A Brown University Research Group


Active projects

2015 – 2018 WildCog: Evolution and local adaptation of cognitive abilities and brain structure in the wild

Cognition plays a critical role in how organisms interact with their social and ecological environment, and while the mechanisms underlying cognitive processes are becoming clearer, we still know little about the evolution of cognitive traits in natural populations. Cognitive abilities of organisms implicitly lie at the core of many fields since they determine in part how organisms compete with each other and acquire mates, how they find food and avoid being eaten, how they flexibly adjust to new contexts, and how they navigate landscapes. Many different cognitive capacities exist and show within and across species variation; the extent to which this variation results from ecological imperatives faced by each species or population remains to be determined. Furthermore, new methods in neurosciences suggest that we may now be able to link variation in specific cognition functions to variation in neurological structures. An understanding of the selective processes that shape variation in brains and cognitive abilities could provide major advances in our understanding of variations in cognitive abilities, both within and among species. To do this, we have gathered an interdisciplinary research team to conduct a novel research project that will combine measurements of fitness, individual variation in cognitive performance, and neuroanatomy of brain structure and function. Combining data on fitness, cognition, and brain physiology on the same individuals will give us an unprecedented understanding of how selection operates on and shapes variation in cognition.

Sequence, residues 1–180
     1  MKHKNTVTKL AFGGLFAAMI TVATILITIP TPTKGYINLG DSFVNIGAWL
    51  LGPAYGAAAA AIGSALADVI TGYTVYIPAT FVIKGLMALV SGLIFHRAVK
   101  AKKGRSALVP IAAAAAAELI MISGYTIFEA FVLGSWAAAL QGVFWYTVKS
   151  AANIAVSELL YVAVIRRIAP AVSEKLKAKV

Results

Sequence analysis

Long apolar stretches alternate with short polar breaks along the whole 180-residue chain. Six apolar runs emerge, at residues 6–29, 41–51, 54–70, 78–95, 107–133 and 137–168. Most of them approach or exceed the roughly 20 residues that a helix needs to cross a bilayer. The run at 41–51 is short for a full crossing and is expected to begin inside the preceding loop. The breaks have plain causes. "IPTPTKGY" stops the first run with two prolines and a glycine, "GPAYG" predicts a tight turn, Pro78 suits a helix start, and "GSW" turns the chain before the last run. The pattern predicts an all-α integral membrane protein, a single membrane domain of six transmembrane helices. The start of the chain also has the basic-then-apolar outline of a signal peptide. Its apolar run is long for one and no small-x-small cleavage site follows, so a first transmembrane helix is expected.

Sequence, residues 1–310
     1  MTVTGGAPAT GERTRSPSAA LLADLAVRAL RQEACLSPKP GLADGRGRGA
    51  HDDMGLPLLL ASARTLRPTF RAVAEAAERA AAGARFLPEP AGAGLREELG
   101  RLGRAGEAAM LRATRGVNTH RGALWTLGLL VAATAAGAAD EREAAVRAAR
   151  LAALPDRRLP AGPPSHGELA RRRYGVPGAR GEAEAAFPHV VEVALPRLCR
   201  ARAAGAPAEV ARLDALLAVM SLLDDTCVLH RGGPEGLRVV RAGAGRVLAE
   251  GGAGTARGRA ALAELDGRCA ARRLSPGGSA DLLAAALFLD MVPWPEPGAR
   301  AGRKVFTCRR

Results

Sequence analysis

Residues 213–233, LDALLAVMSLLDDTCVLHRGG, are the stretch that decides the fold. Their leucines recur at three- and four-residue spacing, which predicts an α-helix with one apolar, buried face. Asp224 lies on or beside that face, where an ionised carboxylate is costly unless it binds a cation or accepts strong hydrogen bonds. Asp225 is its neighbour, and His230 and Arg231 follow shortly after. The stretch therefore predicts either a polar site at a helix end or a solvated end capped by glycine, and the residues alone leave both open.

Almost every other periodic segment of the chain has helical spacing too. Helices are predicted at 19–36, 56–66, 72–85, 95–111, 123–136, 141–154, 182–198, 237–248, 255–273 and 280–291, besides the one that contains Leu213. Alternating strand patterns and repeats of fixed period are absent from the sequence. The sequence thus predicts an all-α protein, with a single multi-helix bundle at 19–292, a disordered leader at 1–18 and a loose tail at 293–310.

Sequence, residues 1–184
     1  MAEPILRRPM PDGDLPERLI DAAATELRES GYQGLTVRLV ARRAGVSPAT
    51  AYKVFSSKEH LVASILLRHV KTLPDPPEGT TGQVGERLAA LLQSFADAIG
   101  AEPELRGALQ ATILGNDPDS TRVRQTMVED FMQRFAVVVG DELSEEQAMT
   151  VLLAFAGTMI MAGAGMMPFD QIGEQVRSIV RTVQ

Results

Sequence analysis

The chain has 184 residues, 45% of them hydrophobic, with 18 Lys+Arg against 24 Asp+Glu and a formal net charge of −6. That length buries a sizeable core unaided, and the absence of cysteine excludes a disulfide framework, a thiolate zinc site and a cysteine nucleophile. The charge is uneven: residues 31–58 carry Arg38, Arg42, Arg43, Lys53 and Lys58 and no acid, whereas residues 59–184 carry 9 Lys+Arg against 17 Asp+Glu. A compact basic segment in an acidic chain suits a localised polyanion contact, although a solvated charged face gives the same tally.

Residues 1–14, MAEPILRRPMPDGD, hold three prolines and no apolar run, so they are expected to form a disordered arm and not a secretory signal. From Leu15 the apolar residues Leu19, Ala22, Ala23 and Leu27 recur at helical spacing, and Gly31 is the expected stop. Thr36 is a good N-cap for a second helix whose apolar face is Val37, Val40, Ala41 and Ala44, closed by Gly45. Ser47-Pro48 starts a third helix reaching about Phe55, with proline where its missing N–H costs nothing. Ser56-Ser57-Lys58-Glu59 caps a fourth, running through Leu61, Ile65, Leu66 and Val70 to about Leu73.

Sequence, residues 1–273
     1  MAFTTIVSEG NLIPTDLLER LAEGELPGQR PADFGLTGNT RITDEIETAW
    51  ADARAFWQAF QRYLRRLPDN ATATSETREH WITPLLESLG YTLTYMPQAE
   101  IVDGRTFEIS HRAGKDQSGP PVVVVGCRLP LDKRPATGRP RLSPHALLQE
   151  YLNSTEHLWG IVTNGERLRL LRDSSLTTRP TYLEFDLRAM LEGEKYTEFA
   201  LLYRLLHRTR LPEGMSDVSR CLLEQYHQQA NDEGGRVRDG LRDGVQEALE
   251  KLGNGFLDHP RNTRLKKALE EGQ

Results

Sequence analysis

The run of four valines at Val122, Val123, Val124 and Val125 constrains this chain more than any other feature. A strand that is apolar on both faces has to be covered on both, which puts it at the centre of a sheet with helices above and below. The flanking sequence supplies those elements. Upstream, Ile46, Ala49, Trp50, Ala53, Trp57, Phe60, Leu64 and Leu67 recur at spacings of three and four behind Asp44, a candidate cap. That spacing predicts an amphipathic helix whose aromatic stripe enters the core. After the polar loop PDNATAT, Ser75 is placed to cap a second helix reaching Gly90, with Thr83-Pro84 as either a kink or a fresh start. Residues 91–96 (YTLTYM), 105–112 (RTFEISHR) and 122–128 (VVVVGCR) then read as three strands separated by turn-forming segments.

Supported by Human Frontier Science Program (RGP0006/2015).

2014 – 2017 Scaling up computational models of visual processing in cortex

The goal of this research is to identify functionally-relevant biophysically-plausible computational mechanisms beyond those currently implemented in existing models of the visual cortex and other deep learning architectures. Rather than dealing with more realistic but elaborate spiking neuron models, we propose to develop novel mathematical idealizations that naturally extends current system-level models of vision and related deep networks while still being amenable to many learning algorithms and interpretable in the context of biophysical mechanisms. Our approach, which consists in building phenomenological models of biophysically-realistic operations to scale up computational models of the visual cortex (and other deep learning nets) will thus help bridge a major gap between detailed biophysical models of spiking neurons and state-of-the-art machine learning and computer vision.

Supported by DARPA young investigator award (N66001-14-1-4037).

2013 – 2018 Computational mechanisms of rapid visual categorization